Foreign Language Curriculum Frameworks
The Core Concept
When we embark on the study of a language not our own, we are initiating a learning adventure which, over and above the invaluable acquisition of another language, can confer upon us multiple educational benefits, capable of exerting a profound influence on our perceptions of the world around us and of permanently enriching and enlarging our appreciation and understanding of ourselves and of others. Language learning is never just about words. Language is the medium in which human beings think and by which they express what they have thought. The study of language -- any language -- is therefore the study of everything that pertains to human nature, as humans understand it.
The educational benefits of language learning manifest themselves as early as the first weeks of instruction. As students learn the foundation elements of any language -- the underlying system of symbols (i.e., words) that denominate the most common objects and the most common actions observable in their world -- they broaden their outlook by noting that their own language also has similar fundamental elements, which serve the identical function: to name and describe the world around them. That observation encourages students to compare the two languages, thus learning about the nature of all language.
At the same time, the teacher can help students notice that the language they are studying often depicts familiar things in a startlingly different way from their own language. That observation, in turn, engenders the awareness that every language embodies a unique way of perceiving reality, so that each language is also different from all other languages. Pondering the differences among languages, students of a second language recognize that, by learning a new way of perceiving and understanding reality, they are, in fact, expanding their own vision of the world and their personal insight into the varieties of human conduct and human communities.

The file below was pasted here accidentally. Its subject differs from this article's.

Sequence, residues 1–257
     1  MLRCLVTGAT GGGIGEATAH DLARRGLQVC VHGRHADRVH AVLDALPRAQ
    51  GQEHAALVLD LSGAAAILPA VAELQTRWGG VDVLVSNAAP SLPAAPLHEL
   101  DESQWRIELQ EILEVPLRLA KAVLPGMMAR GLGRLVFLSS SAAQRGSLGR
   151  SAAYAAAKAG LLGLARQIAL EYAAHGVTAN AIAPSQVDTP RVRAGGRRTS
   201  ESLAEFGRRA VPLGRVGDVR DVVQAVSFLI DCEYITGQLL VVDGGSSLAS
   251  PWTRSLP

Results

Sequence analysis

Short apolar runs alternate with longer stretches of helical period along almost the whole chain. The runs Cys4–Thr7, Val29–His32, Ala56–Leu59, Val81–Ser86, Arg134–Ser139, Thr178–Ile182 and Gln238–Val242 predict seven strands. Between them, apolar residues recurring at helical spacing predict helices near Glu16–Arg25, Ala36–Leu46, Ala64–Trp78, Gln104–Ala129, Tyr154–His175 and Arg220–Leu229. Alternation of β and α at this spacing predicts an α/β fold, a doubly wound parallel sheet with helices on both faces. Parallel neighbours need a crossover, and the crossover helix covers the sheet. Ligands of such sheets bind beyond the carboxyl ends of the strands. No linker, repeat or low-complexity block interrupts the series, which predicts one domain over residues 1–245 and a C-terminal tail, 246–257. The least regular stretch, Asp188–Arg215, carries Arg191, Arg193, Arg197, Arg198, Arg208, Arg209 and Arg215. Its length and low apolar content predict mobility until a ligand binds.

When authentic materials in a second language are integrated into language study at all levels, the benefits to students increase dramatically. Students improve their skills in the principal uses of language: speaking, reading, writing, and understanding -- skills transferable to their native language and to other disciplines. Early exposure to foreign language study can have a positive effect on students' intellectual growth, enriching and enhancing their mental development, with positive effects on student performance across the curriculum4.
The collateral benefits of second language learning are most substantial and most enduring for students who pursue their language to a high level and begin to approach the skill and understanding of educated native users of that language. The central benefit becomes apparent when a student with that level of knowledge is able to view the world in a broader perspective free from the narrow prism of a single linguistic system. The acquisition of a second -- or even better, a third -- whole linguistic system, complete with knowledge of the historical and cultural traditions of each, can open the mind and the imagination to ever-widening spheres of experience and enlightenment, and can enrich one's life with endless possibilities for new intellectual and aesthetic adventures. Those are the priceless benefits of a truly successful education, for at its core, the ultimate goal of second language learning is to produce students who are measurably better educated than they could have been without it.
A Note on Classical Languages
All of the statements above apply to the learning of both modern and classical languages such as Latin and Greek. In some very significant ways, however, the learning of classical languages differs from the learning of modern languages. Latin is the most widely taught classical language in Massachusetts schools, and the differences between the goal of learning Latin and of learning modern languages have been summarized as follows:
- In modern languages, direct communication with native speakers is the ultimate goal. In Latin, however, communicative skills are developed in Latin and at the same time communicative skills in English are consciously developed. Students learn Spanish primarily to communicate in Spanish with Spanish-speaking people. In contrast, students learn Latin to have access to the mind and spirit of the Romans (and through them the Greeks), to gain awareness of their cultural heritage, and to improve their ability to communicate in English.5